What’s an independent publisher? When I asked that of one distributor, the answer basically boiled down to “everybody but the Big Six”—or, a little more restrictively, every publisher that’s not part of a conglomerate. Chronicle Books? Yes, an independent publisher. Hyperion (part of Disney)? A tougher question.
The definition of small publisher is also getting interesting, given the growing number of publishers that rely on services like CreateSpace and Lulu for actual book production and, in many cases, fulfillment. This is, in my opinion, both a good thing and one of the trends that’s likely to grow in the mixed ebook/pbook future.
Here’s an interesting item: Boom! Studios, an independent publisher, publishes lots of Disney books (collected comic books and others). Disney itself has a Book Group, including Hyperion and several other imprints—but happily licenses some of its creations to other publishers.
Oddities and Trends
Why all the jewelry booths? For that matter, who would be buying sheets—bedsheets, that is—at an ALA annual conference? T-shirts I’m used to, and the vaguely creepy statuary, but it seemed as though there were more jewelry booths than I remember.
I was a little bemused by the Library Ideas, LLC booth. The flagship product is the Freegal Music Service—which I tend to think of as being a Sony product. Mysterious…
I was also impressed or bemused by the number of exhibitors showing book scanners (at least five, and I think that count is too low) and, a different group, book vending machines (I saw at least four, and again I think that’s a partial count). At least four exhibitors offer open-source library system support; that’s a good thing and suggests that the open-source systems (Koha, Evergreen and others) are doing well.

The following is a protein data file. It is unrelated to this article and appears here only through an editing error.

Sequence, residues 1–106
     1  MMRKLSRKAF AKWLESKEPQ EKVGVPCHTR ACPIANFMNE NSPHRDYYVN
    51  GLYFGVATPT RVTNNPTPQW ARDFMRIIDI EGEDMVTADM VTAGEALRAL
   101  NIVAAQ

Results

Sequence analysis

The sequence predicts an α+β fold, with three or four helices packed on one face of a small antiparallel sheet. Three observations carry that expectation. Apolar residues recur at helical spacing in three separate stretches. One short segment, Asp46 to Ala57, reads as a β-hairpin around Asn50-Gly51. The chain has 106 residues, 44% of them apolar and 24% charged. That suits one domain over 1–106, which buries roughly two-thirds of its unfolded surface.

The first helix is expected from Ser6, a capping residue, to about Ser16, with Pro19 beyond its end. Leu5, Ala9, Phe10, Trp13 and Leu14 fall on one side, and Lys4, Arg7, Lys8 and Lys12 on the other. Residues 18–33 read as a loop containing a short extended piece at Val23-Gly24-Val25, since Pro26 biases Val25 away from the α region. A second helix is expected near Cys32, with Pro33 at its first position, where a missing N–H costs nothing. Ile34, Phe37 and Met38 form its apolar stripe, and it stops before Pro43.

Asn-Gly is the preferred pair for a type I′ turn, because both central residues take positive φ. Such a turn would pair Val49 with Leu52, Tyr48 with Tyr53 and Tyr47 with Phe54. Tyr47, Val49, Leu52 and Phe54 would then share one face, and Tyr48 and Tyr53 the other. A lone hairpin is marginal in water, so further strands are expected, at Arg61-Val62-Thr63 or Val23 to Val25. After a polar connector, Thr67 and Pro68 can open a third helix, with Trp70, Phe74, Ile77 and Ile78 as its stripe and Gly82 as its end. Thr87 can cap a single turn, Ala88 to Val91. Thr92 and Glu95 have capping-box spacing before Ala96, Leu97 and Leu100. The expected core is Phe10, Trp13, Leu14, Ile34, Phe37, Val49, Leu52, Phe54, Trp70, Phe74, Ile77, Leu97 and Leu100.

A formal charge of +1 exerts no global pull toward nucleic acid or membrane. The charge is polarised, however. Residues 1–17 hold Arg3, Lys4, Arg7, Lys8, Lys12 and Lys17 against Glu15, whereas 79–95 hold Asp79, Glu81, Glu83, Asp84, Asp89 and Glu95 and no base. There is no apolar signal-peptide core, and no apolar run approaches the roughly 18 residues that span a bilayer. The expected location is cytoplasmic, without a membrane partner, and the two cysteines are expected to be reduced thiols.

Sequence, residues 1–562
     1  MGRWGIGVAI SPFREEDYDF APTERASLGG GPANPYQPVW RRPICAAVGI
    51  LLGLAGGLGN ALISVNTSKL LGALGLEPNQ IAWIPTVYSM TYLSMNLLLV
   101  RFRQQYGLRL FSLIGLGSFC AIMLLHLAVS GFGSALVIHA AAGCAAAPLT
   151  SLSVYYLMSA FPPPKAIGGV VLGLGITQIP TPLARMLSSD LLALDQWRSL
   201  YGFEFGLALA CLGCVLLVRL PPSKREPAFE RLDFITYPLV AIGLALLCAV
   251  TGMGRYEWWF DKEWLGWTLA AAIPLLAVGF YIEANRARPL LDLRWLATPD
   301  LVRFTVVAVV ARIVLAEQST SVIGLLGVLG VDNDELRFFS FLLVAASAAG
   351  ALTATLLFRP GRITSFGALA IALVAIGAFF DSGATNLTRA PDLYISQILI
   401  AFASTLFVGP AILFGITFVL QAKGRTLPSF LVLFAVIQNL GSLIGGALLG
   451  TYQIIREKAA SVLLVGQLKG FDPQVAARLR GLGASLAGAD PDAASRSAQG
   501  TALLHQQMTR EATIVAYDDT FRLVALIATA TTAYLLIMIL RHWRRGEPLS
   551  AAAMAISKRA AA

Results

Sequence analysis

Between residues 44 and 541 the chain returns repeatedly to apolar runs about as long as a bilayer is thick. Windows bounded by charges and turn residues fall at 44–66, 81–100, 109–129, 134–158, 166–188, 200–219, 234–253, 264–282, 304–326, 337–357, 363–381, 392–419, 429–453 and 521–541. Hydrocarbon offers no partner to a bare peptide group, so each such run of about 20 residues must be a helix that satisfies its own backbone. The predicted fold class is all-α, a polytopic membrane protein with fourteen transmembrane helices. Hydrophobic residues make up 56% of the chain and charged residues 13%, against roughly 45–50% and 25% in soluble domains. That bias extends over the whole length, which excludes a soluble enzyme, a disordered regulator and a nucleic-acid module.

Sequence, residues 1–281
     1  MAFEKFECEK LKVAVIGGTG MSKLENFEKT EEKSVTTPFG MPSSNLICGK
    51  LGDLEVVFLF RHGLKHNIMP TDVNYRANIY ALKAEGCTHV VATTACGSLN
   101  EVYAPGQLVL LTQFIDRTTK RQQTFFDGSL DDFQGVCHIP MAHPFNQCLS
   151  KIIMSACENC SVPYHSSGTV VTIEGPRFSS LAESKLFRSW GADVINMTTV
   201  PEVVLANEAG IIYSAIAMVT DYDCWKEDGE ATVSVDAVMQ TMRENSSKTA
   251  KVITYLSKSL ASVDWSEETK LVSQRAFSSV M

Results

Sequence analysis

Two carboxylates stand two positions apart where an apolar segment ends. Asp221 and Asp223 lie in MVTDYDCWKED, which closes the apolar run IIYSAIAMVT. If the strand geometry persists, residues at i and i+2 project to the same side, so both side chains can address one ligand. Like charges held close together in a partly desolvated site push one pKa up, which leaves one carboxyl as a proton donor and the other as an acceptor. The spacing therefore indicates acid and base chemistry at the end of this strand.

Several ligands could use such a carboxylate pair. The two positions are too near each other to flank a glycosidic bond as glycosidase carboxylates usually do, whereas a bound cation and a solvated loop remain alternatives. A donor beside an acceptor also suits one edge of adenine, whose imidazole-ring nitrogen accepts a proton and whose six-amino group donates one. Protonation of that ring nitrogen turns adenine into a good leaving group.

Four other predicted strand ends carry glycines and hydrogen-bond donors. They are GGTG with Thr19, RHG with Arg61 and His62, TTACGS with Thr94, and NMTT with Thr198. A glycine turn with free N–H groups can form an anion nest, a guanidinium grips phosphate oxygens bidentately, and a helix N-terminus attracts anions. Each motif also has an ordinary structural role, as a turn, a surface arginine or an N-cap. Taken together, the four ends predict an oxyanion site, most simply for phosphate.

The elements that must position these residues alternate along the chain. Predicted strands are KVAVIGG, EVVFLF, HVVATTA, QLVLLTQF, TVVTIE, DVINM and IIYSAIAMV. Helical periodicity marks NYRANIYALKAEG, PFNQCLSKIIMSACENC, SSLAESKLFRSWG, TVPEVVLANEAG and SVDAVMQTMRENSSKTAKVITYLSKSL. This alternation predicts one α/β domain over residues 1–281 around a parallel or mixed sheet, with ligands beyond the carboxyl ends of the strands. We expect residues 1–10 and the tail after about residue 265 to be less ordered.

How many online catalogs and integrated library system vendors are out there? For many years, I’ve felt that the answer was the same as life, the universe and everything: 42 (give or take 10%). That still feels about right. Depending on how you add up numbers in the exhibitors index, there are at least 35 such vendors—and I’m pretty sure that’s not all-inclusive.
Then there’s furniture—at least 18 exhibitors—and the vast empty spaces found in so many of the furniture booths and, when I was in the exhibits (almost all day Saturday and about half of Sunday), most very large exhibit spaces (other than book publishers). I’m not sure what to make of this. Furniture vendors need to show their wares, of course. For others, perhaps some of the booths are a bit grander than they need to be.
Which brings me to the “who is this?” issue—booths that I think are badly designed for the exhibit hall. Specifically, booths where the primary or only corporate name display is on one of those really high hanging structures, signs that seem to be at least 18 feet up in the air. In the case of one furniture vendor, I could not identify the vendor when I was at the booth—I had to back away at least 20-30 feet and look up. Yes, I know, drama and all that—but perhaps self-defeating.
The exhibits were an odd blend of crowded spaces and near-empty aisles, but I think that’s typical. Biggest crowds: As always, book publishers, especially those giving away advance reading copies. But there were also quite a few booths that seemed to have more booth staff than visitors, and a few where the booth staff seemed wholly engrossed in their own conversations, ignoring people passing by. (OK, if I’d been a potential customer instead of some random guy, maybe they would have snapped to attention. Maybe not.)
Trends? You want trends from a library conference exhibit hall? If so, you’ve come to the wrong place.